Cameron Pace Group beats the 3-D drum for primetime episodics

At last week’s NAB Show in Las Vegas, James Cameron, the renown film director and 3-D guru, continued to ignore the “the doubters, the naysayers and scoffers” and pushed for a 3-D production path he claimed will be profitable for broadcasters.

With his partner Vince Pace, Cameron owns a company, CAMERON | PACE Group, that provides producers with the workflow tools they need to produce 3-D content. He said 3-D television needs to move beyond sports and special events to scripted dramas in primetime.

Cameron Pace has done large-scale 3-D projects like the Masters golf tournament on CBS and the Winter X Games on ESPN with as many as 35 cameras. But now they are pushing for highly rated TV shows like “Grey’s Anatomy” or “NCIS” to be made in 3-D. The goal is to get TV producers interested in a nascent technology that heretofore has been expensive when used properly.

Shooting such a drama could be cost-effective if planned correctly, Cameron said, requiring as few as three cameras, with no expensive and complicated visual effects. “I think that should be the place we’re looking for the most rapid growth,” he said during a talk at NAB.

To date, most television executives have targeted sports, movies and nature-oriented programming for 3-D. But Cameron said he wants more routine dramatic fare produced in the format, causing many in the audience to roll their eyes in disbelief.

Cameron seems to be ignoring the low consumer interest in 3DTV. He praised TV set manufacturers for getting 3-D television sets into the consumer living rooms. “We imagined it might be hard to get to that,” he said.

In addition, the lack of abundant 3-D programming has “created that chicken and egg challenge we had in the movie business. It’ll be the larger flow of content that encourages (manufacturers) to (move) to the next big milestone, which is a glasses-less display,” Cameron said.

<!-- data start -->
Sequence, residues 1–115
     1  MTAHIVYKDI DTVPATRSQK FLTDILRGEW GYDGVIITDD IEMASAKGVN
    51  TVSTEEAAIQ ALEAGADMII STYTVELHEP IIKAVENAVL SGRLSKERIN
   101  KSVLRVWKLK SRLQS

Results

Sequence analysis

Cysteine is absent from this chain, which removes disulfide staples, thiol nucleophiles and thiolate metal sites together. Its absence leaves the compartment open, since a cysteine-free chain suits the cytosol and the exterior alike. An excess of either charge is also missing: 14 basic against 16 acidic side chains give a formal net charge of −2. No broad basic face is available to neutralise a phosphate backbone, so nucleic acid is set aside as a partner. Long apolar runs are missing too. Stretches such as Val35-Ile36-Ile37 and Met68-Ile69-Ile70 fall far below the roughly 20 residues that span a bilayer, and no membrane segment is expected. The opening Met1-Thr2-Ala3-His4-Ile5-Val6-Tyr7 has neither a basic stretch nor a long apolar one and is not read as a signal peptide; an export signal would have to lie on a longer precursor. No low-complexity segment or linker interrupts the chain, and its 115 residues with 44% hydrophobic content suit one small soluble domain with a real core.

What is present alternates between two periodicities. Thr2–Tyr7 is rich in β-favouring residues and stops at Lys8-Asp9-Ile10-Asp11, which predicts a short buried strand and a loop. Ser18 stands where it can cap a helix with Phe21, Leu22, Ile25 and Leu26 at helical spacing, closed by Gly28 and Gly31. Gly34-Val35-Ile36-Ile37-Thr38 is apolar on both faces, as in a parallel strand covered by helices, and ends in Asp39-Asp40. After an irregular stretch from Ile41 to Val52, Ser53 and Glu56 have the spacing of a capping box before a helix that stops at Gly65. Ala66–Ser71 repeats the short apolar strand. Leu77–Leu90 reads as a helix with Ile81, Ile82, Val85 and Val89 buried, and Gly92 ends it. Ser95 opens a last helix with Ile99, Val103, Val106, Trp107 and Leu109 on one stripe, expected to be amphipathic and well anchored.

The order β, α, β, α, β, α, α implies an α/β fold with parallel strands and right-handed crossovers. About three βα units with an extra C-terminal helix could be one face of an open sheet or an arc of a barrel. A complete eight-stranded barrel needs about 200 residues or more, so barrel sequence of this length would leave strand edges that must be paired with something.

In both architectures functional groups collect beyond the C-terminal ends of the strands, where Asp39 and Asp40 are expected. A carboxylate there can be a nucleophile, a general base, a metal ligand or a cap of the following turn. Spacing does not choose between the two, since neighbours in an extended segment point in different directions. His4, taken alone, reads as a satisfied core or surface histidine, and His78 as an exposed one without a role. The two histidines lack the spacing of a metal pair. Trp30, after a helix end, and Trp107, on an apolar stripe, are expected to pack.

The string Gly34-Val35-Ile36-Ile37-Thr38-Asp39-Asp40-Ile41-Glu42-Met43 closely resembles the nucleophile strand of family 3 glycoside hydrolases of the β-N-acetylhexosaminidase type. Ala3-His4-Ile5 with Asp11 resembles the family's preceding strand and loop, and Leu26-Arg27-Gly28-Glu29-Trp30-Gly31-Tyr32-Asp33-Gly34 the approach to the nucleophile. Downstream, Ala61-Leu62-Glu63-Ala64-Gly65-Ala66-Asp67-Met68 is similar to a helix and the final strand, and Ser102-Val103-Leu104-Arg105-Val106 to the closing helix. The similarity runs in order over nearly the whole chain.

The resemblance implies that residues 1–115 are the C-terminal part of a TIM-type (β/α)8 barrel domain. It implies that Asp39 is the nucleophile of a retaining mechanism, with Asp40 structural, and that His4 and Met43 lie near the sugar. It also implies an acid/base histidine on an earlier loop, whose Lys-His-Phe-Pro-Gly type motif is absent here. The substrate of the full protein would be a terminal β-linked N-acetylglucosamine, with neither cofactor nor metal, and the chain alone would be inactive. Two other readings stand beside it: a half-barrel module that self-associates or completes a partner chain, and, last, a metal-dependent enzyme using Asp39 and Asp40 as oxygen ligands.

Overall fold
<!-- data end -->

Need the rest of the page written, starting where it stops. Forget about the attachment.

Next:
Cameron Pace has been working to reduce the cost of producing 3-D content using a strategy they call the 5-D concept. Basically, the 2-D (HD) and 3-D feeds are shot and produced simultaneously with much of the same equipment, infrastructure and manpower. ESPN used this 5-D technique at the recent Winter X Games with its 35 cameras.

“If every single 3-D camera has got to have a 3-D technician standing by it somewhere in the chain, you’re dead,” Cameron said. “You can’t do it.”

The latest innovation from Cameron Pace is a mobile, handheld camera that has a 2-D camera, with a 3-D device mounted on top, which allows one shot to yield the two feeds.

Cameron suggested that camera operators and producers become skilled in both 2D and 3D. “The more we try to make 3-D different, mysterious and special, the more we do ourselves a disservice,” he said.

At the NAB Show, CAMERON | PACE Group announced that FUJIFILM's Optical Devices Division, has joined the Cameron Pace company's Strategic Alliance Program to help advance 5-D workflows. In its exhibit booth, FUJIFILM showed a number of solutions with FUJIFILM lenses, as well as the newest member of FUJIFILM's Premier PL "Mount Zoom" line, the PL 19-90 Cabrio lens. Additionally, the company’s Nano Beamsplitter rig – at less than 19 lbs., the most compact and lightweight system for 5D sports production – was displayed in FUJIFILM’s booth.